Flashback to the SCII Beta: you downloaded the game (or not, if you were unlucky enough to not get an invite), fired it up, and clicked go. The match starts. Were you thinking about build orders yet? Of course not, because it would be ridiculous to think about build orders in a beta!

    What you did is this: you read the tooltips, you thought about the possible uses for units like the Reaper or the Baneling or the Viking or the Void Ray. You then said, "hey, I can sneak around my opponents backside with the Reaper and snipe a few workers!" Remember when you first warped in units at a proxy pylon? Wasn't that fun? Tada! Strategy via intuition.

    I'm reminded of this after talking to my best friend; my best friend talks a lot of smackabout everything. Including Starcraft 2, a game he has never picked up. I want to destroy him (and I will). He says he just has a "sense" for RTS games. I reply that "you don't win in Starcraft with intuition, it's a science."

    Does anyone else see the problem? Starcraft stops being a game as soon as you start thinking of the most efficient way to play it. It becomes a rote memorization of what to do and when to do it. Obviously the professionals will want to (and must) play the game the most efficient way, but why the hell does everyone else want to (it's how our brains are made: we need to melt everything into a science, which is not bad)? Some people make livings off of this game, and they are brilliant. Others just play a game.

    Playing the SC2BW mod againand Brood War itselfmade me realize how many options a new player has: Reavers! Arbiters! Goliaths and Lurkers and Valkyries oh my! (Let me be clear about one thing: this isn't nostalgia talking, as I barely have experience in either game; not to mention the original came out when I was, like, 3) Watch two new players play the original and tell me they don't have more fun discovering strategies instead of memorizing them. I get demolished in Brood War! I get demolished in SC2! Who cares! My Zealot bomb took out your vulture gang!

    To sum up (and I think I've covered my ass enough to say this): Starcraft is not a game if you want to win online.


    At the highest levels of play, SC is a lifestyle. You are no longer the starry-eyed gamer performing a Reaver drop for the first time and thinking how awesome it is to blow up 5 SCVs at once. You are a spartan warrior bean-counting your minerals. And that's fine! But I've always enjoyed watching the pro player's tactics and maneuvers moreso than their builds. Case in point: Idra vs Kiwikaki, game 5 of the IPL tournament. For the final 10 minutes or so, Idra just out manuevers his opponent with drops in his main, backstabs, feints, and has Kiwikaki running around in circles. That's the mark of a good strategy gamer (or it should be). That's what gamers should be emulating: the actual raw battlefield sense.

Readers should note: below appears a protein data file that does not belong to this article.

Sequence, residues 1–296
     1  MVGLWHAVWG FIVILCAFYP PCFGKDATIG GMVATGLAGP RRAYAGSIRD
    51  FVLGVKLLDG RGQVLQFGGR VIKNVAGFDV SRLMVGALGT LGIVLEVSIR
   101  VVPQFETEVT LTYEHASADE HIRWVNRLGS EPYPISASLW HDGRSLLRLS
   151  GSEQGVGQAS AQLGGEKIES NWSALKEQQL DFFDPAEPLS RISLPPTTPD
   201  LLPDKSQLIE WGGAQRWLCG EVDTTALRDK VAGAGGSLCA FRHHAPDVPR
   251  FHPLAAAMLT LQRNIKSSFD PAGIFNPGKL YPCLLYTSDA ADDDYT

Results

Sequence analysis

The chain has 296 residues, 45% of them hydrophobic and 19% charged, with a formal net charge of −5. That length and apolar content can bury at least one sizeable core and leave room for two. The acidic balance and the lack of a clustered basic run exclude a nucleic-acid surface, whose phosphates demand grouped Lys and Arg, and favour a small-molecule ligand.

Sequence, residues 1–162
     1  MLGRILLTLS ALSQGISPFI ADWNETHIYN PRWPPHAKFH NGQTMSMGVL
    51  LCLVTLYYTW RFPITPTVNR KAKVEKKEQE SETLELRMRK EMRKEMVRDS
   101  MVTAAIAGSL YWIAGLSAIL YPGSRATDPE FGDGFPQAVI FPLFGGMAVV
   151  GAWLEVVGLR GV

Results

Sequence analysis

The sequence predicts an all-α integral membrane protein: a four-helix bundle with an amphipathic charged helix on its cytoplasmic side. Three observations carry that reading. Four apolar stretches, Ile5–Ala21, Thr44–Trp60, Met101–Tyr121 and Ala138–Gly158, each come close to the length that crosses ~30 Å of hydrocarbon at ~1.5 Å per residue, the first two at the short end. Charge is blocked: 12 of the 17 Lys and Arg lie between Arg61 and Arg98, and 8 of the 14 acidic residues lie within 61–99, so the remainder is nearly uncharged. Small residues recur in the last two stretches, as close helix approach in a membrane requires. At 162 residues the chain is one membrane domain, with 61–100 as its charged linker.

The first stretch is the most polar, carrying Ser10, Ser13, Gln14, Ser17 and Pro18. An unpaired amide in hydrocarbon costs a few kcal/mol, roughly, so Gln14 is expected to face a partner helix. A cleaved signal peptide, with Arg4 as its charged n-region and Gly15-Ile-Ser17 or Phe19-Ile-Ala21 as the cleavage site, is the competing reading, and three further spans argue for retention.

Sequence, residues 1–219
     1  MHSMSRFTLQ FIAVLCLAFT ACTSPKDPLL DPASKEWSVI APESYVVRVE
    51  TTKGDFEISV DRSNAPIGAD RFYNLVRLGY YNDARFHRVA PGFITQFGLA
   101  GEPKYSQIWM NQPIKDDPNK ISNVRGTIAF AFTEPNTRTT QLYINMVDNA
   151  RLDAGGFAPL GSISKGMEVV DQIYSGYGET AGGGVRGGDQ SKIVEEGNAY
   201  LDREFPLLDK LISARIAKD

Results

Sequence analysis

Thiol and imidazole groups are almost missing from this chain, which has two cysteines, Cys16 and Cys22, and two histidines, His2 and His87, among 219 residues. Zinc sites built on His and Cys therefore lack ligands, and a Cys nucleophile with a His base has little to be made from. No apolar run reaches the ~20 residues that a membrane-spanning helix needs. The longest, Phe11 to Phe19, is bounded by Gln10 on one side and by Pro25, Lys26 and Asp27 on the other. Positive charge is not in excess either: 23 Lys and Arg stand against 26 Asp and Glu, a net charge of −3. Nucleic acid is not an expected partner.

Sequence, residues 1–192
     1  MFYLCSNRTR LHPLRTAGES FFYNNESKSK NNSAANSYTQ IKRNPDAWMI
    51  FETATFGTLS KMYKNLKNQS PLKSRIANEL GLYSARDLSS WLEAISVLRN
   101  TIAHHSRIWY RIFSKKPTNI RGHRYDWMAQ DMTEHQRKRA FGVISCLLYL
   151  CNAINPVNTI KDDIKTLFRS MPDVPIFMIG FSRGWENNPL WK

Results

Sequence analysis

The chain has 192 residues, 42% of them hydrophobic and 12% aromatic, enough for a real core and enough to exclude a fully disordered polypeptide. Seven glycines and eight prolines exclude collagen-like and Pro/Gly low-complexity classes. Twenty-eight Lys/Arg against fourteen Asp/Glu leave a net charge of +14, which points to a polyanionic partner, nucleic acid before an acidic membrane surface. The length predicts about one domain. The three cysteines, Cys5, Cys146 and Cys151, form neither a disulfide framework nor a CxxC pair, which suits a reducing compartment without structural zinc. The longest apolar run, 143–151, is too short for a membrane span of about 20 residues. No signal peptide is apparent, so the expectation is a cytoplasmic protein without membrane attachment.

The math shouldn't even be involved in games. Period. Because it's not actual war. The name of the game is in the namesake (which is "game" if you've been keeping score at home). Intuition should be at the forefront and common sense.

    Simply put: the gamer should see and react to what's given to him.


    (The rest of this post is about my view of a perfect RTS, and if you don't care, I wouldn't blame you if you didn't read it.)

    As of today I am 27-27, my best record in any online strategy game (second best would be 25-25 in WCIII) ever. I suck at this game, to be frank (and to beat any elitist jerks to the punch).

    So what would be the perfect RTSrather, what would my perfect RTS be? Well, it couldn't be boiled down to a science, most importantly. Which means that everything would have to be randomized. Randomized units, randomized terrain, abilities, maybe even mechanics.

    It would have to follow a simple rock-papers-scissors formula (uh, maybe mech>infantry>naval>air) but with enough deviation on both sides to make it interesting, like the difference between 2 zerglings and a marine.

    Obviously the math would have to balance out for the game to balance out.

    And just like the Beta, the two (or more) players would read the tooltips, look at their units, and decide intuitively what to do. There would be imbalances (on both sides, I'd imagine); or maybe, if the math was perfect, there wouldn'tbut I think those two players would have a blast, wouldn't you? No one would make money out of it, but it'd be one hell of a [i]game[/i].


    The reason I posted this here is to ask the mod community: would my vision of an RTS be achievable within the SC2 editor? It'd be a tough endeavor to say the least. Maybe it's just a pipe dream? I don't know. But that's why I'm here! :)

    Posted in: General Chat
  • To post a comment, please or register a new account.